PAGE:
In a similar study (discussed in the azathioprine section),[100] the authors examined the safety of corticosteroids, azathioprine, 6-mercaptopurine, methotrexate, or infliximab after colonic resection, strictureplasty, or both in patients with Crohn's disease. The median patient age was 40 years, and the most common indication for surgery was colonic stricture. This retrospective analysis included 52 patients who had received infliximab 5 mg/kg within 8 weeks before surgery or 4 weeks after surgery, with or without other immunosuppressives (proportion of individuals receiving each agent was not specified). Patients receiving any infliximab had a 17% rate of septic complications (OR 0.9, 95% CI 0.4-1.9) and a 23% rate of any complication (OR 1.0, 95% CI 0.5-2.0) within the first 30 days after surgery. Univariate regression analyses showed no effect of concomitant corticosteroid or immunosuppressive administration on the development of postoperative complications. A multiple regression analysis could not be performed because of the low occurrence of postoperative complications. This led the authors to believe that there was no significant association between infliximab therapy and postoperative complications, and they concluded that infliximab can be safely administered perioperatively to patients undergoing abdominal surgery for Crohn's disease.

In the treatment of perianal and rectovaginal fistulas, colonic stricture or perforation, or refractory Crohn's disease, infliximab infusion plus surgical intervention does not significantly compromise postoperative wound healing. There is, however, a documented risk of developing cytopenia and infection with the use of infliximab or etanercept. Physicians should weigh the risk of immunosuppression and/or infection against the benefit of primary disease management when deciding whether to discontinue treatment in the perioperative period. Patient-specific characteristics, such as concomitant disease states and history of hematologic abnormalities, should be considered when making treatment decisions.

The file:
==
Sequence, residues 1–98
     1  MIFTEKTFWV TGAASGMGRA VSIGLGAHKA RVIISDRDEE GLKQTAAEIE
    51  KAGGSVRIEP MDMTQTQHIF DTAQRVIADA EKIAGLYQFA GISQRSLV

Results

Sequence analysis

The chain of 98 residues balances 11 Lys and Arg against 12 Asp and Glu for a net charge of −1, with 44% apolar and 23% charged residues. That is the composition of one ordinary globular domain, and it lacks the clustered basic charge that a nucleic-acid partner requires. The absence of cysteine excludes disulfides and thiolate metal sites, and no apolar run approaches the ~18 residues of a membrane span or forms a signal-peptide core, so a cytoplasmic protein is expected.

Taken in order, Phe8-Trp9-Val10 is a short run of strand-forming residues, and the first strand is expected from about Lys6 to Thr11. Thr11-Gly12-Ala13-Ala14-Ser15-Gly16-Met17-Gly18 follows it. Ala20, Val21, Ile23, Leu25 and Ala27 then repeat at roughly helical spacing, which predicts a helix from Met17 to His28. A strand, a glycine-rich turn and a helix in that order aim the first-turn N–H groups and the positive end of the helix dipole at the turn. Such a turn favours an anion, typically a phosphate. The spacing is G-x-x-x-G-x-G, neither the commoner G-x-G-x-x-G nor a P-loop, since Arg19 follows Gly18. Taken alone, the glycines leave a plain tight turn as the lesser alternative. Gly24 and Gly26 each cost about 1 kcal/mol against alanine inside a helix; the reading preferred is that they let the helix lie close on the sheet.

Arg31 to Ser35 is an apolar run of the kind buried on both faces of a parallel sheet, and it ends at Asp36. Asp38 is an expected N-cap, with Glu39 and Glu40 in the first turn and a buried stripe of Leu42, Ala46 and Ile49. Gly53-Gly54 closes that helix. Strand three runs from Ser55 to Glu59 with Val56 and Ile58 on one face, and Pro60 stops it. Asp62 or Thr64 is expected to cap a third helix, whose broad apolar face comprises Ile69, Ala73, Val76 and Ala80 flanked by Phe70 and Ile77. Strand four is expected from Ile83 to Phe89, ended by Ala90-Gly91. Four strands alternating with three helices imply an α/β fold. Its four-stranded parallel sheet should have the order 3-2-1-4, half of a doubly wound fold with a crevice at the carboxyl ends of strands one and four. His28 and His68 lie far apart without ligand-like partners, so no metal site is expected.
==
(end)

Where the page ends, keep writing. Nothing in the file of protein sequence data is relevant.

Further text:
Anakinra is the first in a novel class of drugs that blocks the interleukin (IL)-1 receptor.[119] The drug is indicated for reducing the signs and symptoms and slowing the progression of structural damage in patients with moderately to severely active rheumatoid arthritis who are at least 18 years of age and have failed treatment with one or more DMARDs. By competitively blocking the IL-1 type I receptor, anakinra reduces the inflammatory disease response. To our knowledge no data are available that evaluate its effects on surgical outcomes. A recent post hoc analysis investigated the safety of anakinra when used at standard daily doses in patients with active rheumatoid arthritis and other comorbid conditions such as coronary artery disease, chronic obstructive pulmonary disease, diabetes mellitus, or renal impairment.[120] The authors found injection-site reactions to be the most common adverse event, and the rate of serious adverse events was comparable between patients receiving anakinra (8.6%) and those receiving placebo (8.7%). There was, however, an increase in the rate of serious infectious events in patients receiving anakinra compared with those receiving placebo (2.5% vs 0.0%). Most of these events were classified as pneumonia, but not due to opportunistic infections such as tuberculosis or histoplasmosis. Because of limited data regarding the use of anakinra in the perioperative period, practitioners should again take into account patient-specific variables including risk of infection when making decisions regarding its administration before and after surgery. In accordance, when the risk of infection outweighs the potential benefits of anakinra, practitioners should discontinue usage until the patient's risk of infection has diminished.


Comments on Medscape are moderated and should be professional in tone and on topic. You must declare any conflicts of interest related to your comments and responses. Please see our Commenting Guide for further information. We reserve the right to remove posts at our sole discretion.
Post as: